Having interdepartmental projects, team-building activities, and brainstorming sessions are also excellent ways to develop a sense of camaraderie. Supervisors should regularly acknowledge employees’ contributions and achievements. Appropriate ways to do this are through public recognition, awards, or simple thank-you notes.

“Recognition is not a scarce resource. You can’t use it up or run out of it.” — Susan M. Heathfield, human resources expert. (source: The Balance Careers)

Organize team outings, holiday parties, or casual get-togethers to help employees unwind and build relationships outside of their work roles. Understand the personal challenges team members might face and offer support where possible, such as offering flexible schedules for parents or caregivers.

Offer opportunities for skill enhancement, career growth, and learning. People respect a company that values its teams and their career aspirations. Choices can be as simple as providing an environment where people feel comfortable voicing their opinions, concerns, or ideas without fear of repercussions.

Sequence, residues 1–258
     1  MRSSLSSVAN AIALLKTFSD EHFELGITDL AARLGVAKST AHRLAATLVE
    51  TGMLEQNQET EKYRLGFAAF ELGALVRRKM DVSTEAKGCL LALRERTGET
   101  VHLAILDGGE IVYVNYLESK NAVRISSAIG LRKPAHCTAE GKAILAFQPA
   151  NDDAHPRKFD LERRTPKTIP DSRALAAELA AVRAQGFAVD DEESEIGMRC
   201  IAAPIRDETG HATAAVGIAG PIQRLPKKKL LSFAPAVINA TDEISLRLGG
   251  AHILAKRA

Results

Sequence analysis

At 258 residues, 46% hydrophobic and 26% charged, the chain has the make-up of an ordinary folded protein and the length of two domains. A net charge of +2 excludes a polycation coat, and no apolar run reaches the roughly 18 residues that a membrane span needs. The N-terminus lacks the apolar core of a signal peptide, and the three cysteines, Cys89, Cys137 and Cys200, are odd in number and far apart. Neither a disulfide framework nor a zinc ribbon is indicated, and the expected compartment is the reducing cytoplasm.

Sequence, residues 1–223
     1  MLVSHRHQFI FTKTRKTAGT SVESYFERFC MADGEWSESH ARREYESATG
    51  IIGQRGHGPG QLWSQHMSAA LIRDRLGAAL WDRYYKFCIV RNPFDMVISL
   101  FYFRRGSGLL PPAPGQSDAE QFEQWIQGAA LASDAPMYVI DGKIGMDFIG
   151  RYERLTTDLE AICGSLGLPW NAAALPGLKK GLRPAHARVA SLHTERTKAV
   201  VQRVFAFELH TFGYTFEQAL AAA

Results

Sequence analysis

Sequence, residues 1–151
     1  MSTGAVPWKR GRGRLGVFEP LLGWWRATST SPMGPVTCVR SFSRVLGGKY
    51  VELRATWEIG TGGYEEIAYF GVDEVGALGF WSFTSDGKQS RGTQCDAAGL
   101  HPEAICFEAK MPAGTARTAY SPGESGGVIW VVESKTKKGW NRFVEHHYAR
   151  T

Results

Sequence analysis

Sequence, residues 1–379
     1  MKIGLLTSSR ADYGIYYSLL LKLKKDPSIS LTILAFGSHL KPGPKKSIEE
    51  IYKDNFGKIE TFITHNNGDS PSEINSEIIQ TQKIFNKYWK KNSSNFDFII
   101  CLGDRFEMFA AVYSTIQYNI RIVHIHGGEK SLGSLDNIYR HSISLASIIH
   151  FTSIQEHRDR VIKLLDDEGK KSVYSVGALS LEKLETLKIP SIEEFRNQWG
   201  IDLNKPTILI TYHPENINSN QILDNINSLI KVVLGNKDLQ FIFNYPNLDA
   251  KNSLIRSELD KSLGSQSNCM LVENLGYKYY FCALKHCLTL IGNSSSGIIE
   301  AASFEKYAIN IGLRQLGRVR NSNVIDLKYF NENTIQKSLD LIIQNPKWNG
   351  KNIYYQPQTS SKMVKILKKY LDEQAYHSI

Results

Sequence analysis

“I used to believe that culture was ‘soft’ and had little bearing on our bottom line. What I believe today is that our culture has everything to do with our bottom line, now and into the future.” — Vern Dosch, author of “Wired Differently.” (source: Inc)

Having a healthy company culture cannot be overstated as it will influence every aspect of an organization, from the day-to-day interactions and morale of the people to the overall productivity and success of the company. Organizations that understand this concept and create a positive culture are likely to see higher levels of all associates’ engagement, productivity, and retention — all of which contribute to a successful and sustainable business.

Kelly Anderson Group helps transportation companies Find, Recruit, Retain, and Train their drivers and staff. We teach proven management, recruiting, and retention techniques through seminars, webcasts, and one-on-one consulting. Beyond this, we offer training and an e-Learning tool to build up your entire workforce — from the shop floor to the corner office. Visit www.kellyandersongroup.com.